THE Durham Pals had spent a week at sea but, 100 years ago this week, within six hours of their feet touching the steady dry land of the port of Marseilles, they were packed into trains for the long journey north across France.
The 18th Battalion of the Durham Light Infantry was made up of groups of friends – “pals” – who had volunteered for service in the earliest weeks of the First World War, and had spent months training in Egypt before embarking for France where, packed into cattle trucks, 30 men to each truck, they began their journey towards the battlefield of the Somme.
For two entire days, the train trundled at painfully slow speed through the French countryside, carrying the men relentlessly towards war.
In his war history of the battalion, Lieutenant Colonel William Douglas Lowe wrote: “Throughout the journey, the French authorities looked after us well and supplied hot coffee with rum in it three times a day.
“The train was composed of the ordinary 40-hommes or 8-chevaux covered trucks and proceeded at a leisurely pace. Two men fell out of a truck round a sharp corner four miles from Orange, but they reached that station only a few minutes after the train.”
Despite the cramped conditions, the soldiers’ accounts of the journey across France suggest morale was high.
Private William Weatherley, one of the teachers who trained at Durham’s Bede College, wrote to the college magazine: “The accommodation was perhaps not the best – there was 30 men in full kit and baggage in each cattle truck but there was a great deal to interest and amuse us on the way, especially through the Rhone Valley and we forgot the small inconveniences at least during the day.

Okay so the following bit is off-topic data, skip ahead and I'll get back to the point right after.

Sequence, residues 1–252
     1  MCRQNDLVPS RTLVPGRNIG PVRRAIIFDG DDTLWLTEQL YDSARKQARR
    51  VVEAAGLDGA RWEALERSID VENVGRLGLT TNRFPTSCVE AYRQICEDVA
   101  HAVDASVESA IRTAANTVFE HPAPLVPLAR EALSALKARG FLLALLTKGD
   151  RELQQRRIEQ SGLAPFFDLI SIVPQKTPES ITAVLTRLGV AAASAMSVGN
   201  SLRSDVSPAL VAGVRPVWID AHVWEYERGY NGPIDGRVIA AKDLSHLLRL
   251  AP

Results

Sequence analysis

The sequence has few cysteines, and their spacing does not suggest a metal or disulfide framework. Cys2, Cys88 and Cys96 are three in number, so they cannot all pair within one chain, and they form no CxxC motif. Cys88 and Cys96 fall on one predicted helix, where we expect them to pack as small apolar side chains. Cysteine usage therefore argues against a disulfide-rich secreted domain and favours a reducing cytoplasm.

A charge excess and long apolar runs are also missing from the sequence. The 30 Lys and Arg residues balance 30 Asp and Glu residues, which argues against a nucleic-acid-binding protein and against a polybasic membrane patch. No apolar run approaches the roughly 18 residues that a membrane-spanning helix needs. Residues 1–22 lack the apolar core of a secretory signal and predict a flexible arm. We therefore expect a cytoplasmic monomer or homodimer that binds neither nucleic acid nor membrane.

“At night the trouble arose when everyone was wishing to sleep, for to lie at full length was out of the question altogether. Hopes of seeing Paris ran high, but again we were disappointed.”
Former miner Private Andrew Skeen wrote home to his parents in Murton Colliery: “With 30 men in each truck we left Marseilles about 1.15am.
“We lay down as best we could with knees up and before going very far I began to feel the bumping of the wheels, which was worse than riding in bye in the set with a bent axle. I should know a bit about that having done a great deal of it at Canny Dalton.
“As soon as daylight began to appear, I was on my feet and looking through the iron bars of our saloon, similar to animals at the zoo, looking for newcomers and sights.
“We were soon running by the foot of some hills and in the distance we could plainly see the snow-capped mountains of the Alpine Range. The sight of the mountains with torrents of water roaring and flowing down and the tunnels and bridges was fine.
“I sat with my legs dangling over the side of the truck all the way so as to miss nothing. We had a grand reception while passing through Lyons and in one case a woman, who was standing beside her husband cheering us, completely broke down and sobbed like a child.”
The Pals took 50 hours to reach their destination, Pont Remy, a small town of around 1,500 people which sat at a crossing of the River Somme, about seven miles south of the regional capital Abbeville.
They arrived in the town’s tiny railway station at around 3am on March 14, a bitterly cold night with snow in the air, and set off to march through the night to reach their billets…